How to go About Getting a Reduction in Your Spousal and Child Support if the Recession Has Impacted Your Income - A careful inventory of your income and expenses is only a start

by Robert J. Nachshin, Certified Family Law Specialist and Author

 

Nearly everyone has been hit by this serious recession yet many people don’t know how to reduce their expenses and that includes those expenses related to spousal and child support. Some may believe that once the court has ordered a certain payment amount that amount is set in stone. Not so. 

 

Anyone who encounters a change of circumstance is entitled to move forward to seek a modification from the courts. Some courts base the amount paid out by one party to another on a scale, or “dissometer.” There are many variables that go into the measuring process but ultimately the family law courts have wide discretion in granting a modification. If you think you may be eligible for a reduction in support payments, the following offers a list of tasks you must undertake to assess whether or not you are in position for a modification:

 

  • Get Your Paperwork Together: The court will look at the detailed income and expense declarations of both parties during a modification hearing. If you are on a commissioned basis in terms of salary and are now bringing home less because you’re selling less, if you were asked to take a furlough, forego benefits, or cut down on your job-related expense account, those variables are taken into consideration, not just the obvious like a job loss or the fact that you changed jobs, taking one for less pay.

  • Gather your paperwork back up: If you are making less you have to prove it. That means your paycheck stubs or accounting records (if you’re in business for yourself), have to show the decrease over at least a six-month period of time. Beware the self-employed: “Cooking the books” is not a smart strategy because should you get caught you’ll be in trouble in more than one court! Fraud is punishable by law so be straight up with your records.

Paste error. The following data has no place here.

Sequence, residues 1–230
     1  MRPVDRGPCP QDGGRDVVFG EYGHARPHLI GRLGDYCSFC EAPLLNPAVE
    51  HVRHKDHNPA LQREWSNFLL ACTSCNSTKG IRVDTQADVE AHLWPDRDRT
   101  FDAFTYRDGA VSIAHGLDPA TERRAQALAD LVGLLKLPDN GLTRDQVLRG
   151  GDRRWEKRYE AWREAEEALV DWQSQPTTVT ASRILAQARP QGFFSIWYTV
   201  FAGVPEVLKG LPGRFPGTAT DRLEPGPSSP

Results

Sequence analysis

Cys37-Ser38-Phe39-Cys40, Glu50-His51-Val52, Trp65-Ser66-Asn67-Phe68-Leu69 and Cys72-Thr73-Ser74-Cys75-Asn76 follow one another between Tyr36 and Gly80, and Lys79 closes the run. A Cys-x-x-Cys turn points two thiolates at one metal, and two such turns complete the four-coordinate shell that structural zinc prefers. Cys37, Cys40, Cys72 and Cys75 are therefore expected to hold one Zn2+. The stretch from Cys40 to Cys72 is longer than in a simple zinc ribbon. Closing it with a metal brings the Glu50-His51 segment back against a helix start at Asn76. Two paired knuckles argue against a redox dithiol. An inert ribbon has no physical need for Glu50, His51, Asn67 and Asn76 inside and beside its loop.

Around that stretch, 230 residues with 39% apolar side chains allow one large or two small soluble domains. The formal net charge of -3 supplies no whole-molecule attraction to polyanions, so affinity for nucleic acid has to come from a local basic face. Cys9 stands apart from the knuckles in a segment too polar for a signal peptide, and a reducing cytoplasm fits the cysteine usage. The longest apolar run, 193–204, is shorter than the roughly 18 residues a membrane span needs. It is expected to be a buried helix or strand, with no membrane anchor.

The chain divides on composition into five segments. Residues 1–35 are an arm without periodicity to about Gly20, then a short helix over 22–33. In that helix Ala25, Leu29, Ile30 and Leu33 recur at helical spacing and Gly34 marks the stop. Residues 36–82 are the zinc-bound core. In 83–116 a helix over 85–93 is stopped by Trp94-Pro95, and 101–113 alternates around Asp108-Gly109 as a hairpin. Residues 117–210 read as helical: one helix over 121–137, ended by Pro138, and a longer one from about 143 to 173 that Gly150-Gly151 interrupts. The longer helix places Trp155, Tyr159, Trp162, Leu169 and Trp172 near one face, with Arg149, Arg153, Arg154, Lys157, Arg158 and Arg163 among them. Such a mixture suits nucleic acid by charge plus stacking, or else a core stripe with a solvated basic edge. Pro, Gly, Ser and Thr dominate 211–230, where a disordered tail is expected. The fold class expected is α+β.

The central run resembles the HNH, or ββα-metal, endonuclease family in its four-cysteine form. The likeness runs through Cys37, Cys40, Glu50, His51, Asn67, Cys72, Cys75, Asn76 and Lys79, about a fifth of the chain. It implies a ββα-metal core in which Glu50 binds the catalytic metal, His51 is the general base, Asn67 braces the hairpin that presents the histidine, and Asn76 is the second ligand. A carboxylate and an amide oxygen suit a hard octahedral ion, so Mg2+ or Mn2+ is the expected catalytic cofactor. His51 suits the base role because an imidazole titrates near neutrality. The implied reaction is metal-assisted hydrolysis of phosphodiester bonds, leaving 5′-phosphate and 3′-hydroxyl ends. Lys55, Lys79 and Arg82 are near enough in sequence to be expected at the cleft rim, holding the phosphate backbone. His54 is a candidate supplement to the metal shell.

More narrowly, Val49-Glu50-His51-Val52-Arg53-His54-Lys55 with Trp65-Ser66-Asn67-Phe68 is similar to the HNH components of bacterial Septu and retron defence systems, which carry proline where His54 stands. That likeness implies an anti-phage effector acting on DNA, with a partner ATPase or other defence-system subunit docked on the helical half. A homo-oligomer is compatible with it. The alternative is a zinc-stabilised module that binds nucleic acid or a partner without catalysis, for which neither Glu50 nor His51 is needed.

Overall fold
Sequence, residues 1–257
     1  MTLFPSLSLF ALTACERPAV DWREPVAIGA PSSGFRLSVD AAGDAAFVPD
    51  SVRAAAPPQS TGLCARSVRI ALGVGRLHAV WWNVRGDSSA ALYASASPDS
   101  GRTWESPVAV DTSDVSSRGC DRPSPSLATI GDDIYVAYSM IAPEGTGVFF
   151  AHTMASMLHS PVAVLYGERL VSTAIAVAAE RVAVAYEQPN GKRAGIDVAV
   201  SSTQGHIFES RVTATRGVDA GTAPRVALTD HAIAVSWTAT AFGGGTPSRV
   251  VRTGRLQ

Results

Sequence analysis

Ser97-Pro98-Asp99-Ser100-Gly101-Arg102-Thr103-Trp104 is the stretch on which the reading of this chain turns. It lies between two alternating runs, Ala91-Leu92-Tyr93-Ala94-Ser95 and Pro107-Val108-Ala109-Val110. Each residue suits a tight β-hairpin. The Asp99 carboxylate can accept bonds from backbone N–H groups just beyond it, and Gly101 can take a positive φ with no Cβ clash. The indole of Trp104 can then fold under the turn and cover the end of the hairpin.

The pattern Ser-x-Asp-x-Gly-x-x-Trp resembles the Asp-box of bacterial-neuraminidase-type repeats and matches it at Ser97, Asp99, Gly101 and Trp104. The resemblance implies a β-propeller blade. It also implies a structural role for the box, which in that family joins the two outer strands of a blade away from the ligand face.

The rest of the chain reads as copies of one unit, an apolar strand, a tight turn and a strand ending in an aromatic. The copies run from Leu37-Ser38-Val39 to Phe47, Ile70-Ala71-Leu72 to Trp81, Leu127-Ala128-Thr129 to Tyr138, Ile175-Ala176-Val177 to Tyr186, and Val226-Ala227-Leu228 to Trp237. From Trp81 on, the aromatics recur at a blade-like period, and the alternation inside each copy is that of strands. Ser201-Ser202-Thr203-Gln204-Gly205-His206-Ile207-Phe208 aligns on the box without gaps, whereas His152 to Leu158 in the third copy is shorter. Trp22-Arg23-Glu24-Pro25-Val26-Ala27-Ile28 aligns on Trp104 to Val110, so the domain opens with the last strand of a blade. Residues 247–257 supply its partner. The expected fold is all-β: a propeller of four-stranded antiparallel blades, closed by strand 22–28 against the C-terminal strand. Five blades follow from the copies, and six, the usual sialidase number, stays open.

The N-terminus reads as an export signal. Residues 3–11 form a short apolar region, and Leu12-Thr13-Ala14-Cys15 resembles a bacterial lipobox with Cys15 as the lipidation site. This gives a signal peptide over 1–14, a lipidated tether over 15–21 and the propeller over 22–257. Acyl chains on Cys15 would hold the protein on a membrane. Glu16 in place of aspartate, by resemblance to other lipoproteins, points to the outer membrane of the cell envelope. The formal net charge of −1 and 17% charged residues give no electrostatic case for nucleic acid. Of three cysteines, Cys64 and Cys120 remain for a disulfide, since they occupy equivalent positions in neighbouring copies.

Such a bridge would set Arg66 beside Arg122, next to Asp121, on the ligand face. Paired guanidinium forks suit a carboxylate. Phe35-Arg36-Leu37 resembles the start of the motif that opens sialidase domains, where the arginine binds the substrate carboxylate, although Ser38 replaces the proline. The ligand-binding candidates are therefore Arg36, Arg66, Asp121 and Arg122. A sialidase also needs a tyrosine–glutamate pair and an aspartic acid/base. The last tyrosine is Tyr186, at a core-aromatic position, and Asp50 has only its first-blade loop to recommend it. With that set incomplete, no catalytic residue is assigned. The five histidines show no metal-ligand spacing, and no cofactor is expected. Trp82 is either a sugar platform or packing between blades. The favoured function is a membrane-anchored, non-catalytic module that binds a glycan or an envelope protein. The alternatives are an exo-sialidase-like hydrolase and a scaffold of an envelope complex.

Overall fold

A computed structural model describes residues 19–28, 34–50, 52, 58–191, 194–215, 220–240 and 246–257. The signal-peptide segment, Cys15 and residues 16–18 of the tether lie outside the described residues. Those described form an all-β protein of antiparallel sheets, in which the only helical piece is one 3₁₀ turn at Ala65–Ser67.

• Carefully check your ex’s status: You may have thought that only if your ex remarries are you eligible to seek the court’s help in reducing your support because his/her household now enjoys the benefit of second income. Your spouse does not have to be legally married for you to seek relief. If he or she is cohabiting with a significant other, renting their place to a roommate, or you have an inkling or learn that he/she is making more money than when you first agreed on a dollar amount for support, you have the right to know about those changes and they should be presented when you go to court for your modification hearing. Hiding any pertinent details from the court by your ex can spell big trouble for him or her. If they have the right legal counsel that person will advise him/her of that fact.

  • Check your Cost of Living Increases: Have your expenses increased considerably for any number of reasons? For instance, have your property taxes gone up? Are you now sending your special needs child to a private school? Were you forced to take in an ailing family member? Did your car or medical insurance go up? Are you paying more for your prescriptions, your homeowner association dues, or adjustable rate mortgage? Though some of these expense increases may not seem like much, when you add them up, however, they can reflect a considerable difference in what you were paying when your court order took effect.

  • If you become disabled in any way: If you have mental or physical problems and are unable to work part time or at all, this is yet another reason to ask the court for relief. Some people may not have thought that a disability of some kind would factor in, but it does. Always remember that what the court cares about is whether your income decreases, your expenses increase or your ex’s income increases in some obvious manner.

  • Check your jurisdiction’s changes in the law: News of pending or recently-passed legislation affecting family law courts in your region or state are not always on the front page. You can, however, visit various legal Web sites, subscribe to publications that keep you abreast of any legislation that might affect spousal or child support, or ask that your attorney shoot you an email if he or she knows of any dramatic changes that might help you reduce your support payments. Most people don’t think to stay abreast of legislative issues but they occur more often than people think.

 

Robert J. Nachshin is co-author of the book "I Do, You Do...But Just Sign Here: A Quick and Easy Guide to Cohabitation, Prenuptial and Postnuptial Agreements." He represents many celebrities in film, television, music and sports. He is best known for the precedent-setting win in the Barry Bonds prenuptial case that was ultimately decided by the California Supreme Court, where he prevailed on Bonds' behalf. For more information, visit www.nldivorce.com.

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